U.S. NRC Blog

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Monthly Archives: August 2013

Honeywell Modifications Mark a Victory for Public Safety

Jim Hickey
Branch Chief, Division of Fuel Facility Inspection
Region II

Following the devastating earthquake and tsunami that caused unprecedented damage to the Fukushima Dai-ichi nuclear power station in Japan, the NRC began a special review of the U.S. facilities involved in the production of uranium and manufacture of fuel assemblies for nuclear power plants.

Our traditional approach to inspections involves confirming such facilities are complying with the license requirements the NRC established to ensure safety and security. Our approach for these inspections was a little different. These inspections were designed to confirm these facilities were capable of withstanding an unlikely but credible event such as an earthquake or tornado.

We determined only one facility was in need of changes to ensure safety and security prior to resuming operations. That plant was the fuelcyclelistHoneywell Uranium Conversion Facility, in Metropolis, Ill.

When presented with our inspection results, Honeywell agreed with our conclusions. Over the next year, the building where the uranium conversion process takes place was fortified — imagine really big steel beams. Also, the process equipment was modified by adding supports and an automatic shutdown system that immediately stops the operation if an earthquake occurs.

How simple and straightforward that description seems! Let me assure you it was far from that. First, Honeywell had to determine what forces the facility could be subjected to and then translate that into how strong the building and process equipment would need to be to withstand the event. Then, they had to figure out how to modify the plant, where to put additional supports and how those supports would be installed. They also had to design the automatic seismic shutdown system, and then actually do the work to install the changes.

For the regulatory oversight portion, we reviewed Honeywell’s analysis, and asked questions until we were satisfied the answers gave us the information we needed. We reviewed and inspected the modifications. We drew a path from the initiating event earthquake or tornado to what was actually installed in the facility to ensure the changes accomplished the design goals.

Our efforts crossed multiple organizational boundaries within the NRC as well as state and local agencies. It would take too much space to document all of those who contributed as it’s a lengthy list. After all this, last month we granted Honeywell authorization to restart the facility.

We all recognize the importance of our day-to-day efforts to ensure the safety and security of our nation’s nuclear facilities, and occasionally we embark on an activity that significantly improves the safety of a facility. This was one of those times.

The Vermont Yankee Announcement

Neil Sheehan
Public Affairs Officer, Region I

vyYesterday, Vermont Yankee became the fifth U.S. commercial nuclear power reactor since the beginning of 2013 to announce plans to permanently cease operations. Earlier closure declarations this year involved the Kewaunee nuclear power plant, in Wisconsin; the two-unit San Onofre facility, in California; and Crystal River, in Florida.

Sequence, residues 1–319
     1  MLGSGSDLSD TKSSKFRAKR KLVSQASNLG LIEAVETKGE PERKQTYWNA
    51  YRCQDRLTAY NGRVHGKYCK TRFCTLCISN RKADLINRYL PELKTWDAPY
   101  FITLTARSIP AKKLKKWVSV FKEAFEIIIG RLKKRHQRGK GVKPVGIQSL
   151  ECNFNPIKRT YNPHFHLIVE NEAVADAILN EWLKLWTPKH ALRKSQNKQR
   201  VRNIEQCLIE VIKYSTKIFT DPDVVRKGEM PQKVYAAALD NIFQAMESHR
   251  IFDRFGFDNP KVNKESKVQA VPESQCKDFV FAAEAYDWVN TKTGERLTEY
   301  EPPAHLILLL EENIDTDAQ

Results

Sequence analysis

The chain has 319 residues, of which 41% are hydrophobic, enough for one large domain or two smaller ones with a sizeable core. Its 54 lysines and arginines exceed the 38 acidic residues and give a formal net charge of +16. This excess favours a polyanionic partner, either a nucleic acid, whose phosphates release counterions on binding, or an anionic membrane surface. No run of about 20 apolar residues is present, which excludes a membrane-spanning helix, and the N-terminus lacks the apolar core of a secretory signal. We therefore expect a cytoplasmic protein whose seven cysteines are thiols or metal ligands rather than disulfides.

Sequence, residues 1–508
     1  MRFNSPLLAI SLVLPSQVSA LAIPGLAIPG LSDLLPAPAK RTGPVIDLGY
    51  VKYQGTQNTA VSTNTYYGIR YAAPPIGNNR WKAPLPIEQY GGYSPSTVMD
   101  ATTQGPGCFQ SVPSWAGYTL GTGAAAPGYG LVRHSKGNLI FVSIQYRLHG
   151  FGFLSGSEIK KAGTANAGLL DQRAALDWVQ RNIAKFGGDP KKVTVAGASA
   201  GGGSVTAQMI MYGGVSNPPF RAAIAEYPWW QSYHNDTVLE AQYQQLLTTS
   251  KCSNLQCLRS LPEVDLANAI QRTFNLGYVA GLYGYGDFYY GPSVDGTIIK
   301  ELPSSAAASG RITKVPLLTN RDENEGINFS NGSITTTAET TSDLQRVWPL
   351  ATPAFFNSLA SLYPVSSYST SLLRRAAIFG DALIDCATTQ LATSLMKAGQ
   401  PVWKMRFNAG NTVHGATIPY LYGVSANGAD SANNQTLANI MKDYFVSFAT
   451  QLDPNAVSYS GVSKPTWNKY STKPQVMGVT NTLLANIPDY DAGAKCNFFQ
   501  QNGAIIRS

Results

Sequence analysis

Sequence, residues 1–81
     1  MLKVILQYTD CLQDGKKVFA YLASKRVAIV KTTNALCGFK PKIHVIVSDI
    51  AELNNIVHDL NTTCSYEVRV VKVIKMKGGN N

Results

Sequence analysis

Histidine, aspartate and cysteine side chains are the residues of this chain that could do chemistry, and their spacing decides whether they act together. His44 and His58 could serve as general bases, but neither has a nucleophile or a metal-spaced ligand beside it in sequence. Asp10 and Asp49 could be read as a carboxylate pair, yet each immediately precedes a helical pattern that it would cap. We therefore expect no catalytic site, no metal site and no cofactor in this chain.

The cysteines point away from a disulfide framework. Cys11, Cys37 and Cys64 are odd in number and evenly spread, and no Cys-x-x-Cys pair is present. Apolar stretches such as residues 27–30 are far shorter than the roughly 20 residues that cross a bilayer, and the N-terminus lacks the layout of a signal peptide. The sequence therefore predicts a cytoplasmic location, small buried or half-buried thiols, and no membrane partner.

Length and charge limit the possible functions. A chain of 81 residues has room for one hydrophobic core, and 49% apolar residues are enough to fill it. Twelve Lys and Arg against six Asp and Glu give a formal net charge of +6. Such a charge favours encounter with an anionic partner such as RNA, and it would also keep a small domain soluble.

Of those plants, Vermont Yankee’s decision has the most in common with Kewaunee, in that a primary determining factor, according to its operator, was changes in the electricity marketplace — particularly an abundance of low-cost natural gas — that impacted the plant’s economic competitiveness.

Given the plant’s satisfactory safety performance, it is currently under the normal level of oversight from the NRC.

For residents of Vermont and neighboring states, one of the first questions that may come to mind is what comes next?

Going forward, the NRC will continue its rigorous oversight of the Vernon, Vt., plant through the remainder of its operation and then into and through the decommissioning process. Once the final operational cycle concludes for the single-unit boiling water reactor, the facility’s owner, Entergy, would have to formally notify the NRC of the permanent cessation of power production within 30 days. Subsequently, Entergy would have to formally let us know once the fuel had been removed from the reactor.

vermontThere are numerous steps that would then follow in the decommissioning review process, including holding a public meeting near the plant to discuss the company’s plans. The company will outline its plans in a Post-Shutdown Decommissioning Activities Report (PSDAR), which is to be submitted within two years after the certification of permanent closure. The PSDAR would provide a description of the planned decommissioning activities, a schedule for accomplishing them, and an estimate of the expected costs.

After receiving a PSDAR, the NRC publishes a notice of receipt in the Federal Register, and makes the report available for public review and comment.

More information about the decommissioning process is available in an NRC fact sheet and on the agency’s web site.

Browns Ferry: Improving, But Increased Oversight Continues

Two members of the inspection team that reviewed operations at the Browns Ferry nuclear power plant take a closer look at plant equipment.

Two members of the inspection team that reviewed operations at the Browns Ferry nuclear power plant take a closer look at plant equipment.

Roger Hannah
Senior Public Affairs Officer
Region II

The NRC issued two important documents this week that mark significant milestones in the agency’s oversight and inspection of the Tennessee Valley Authority’s Browns Ferry plant in Alabama.

We sent a confirmatory action letter to TVA outlining a list of actions committed to by the utility and intended to ensure the continued improvement of the Browns Ferry nuclear plant.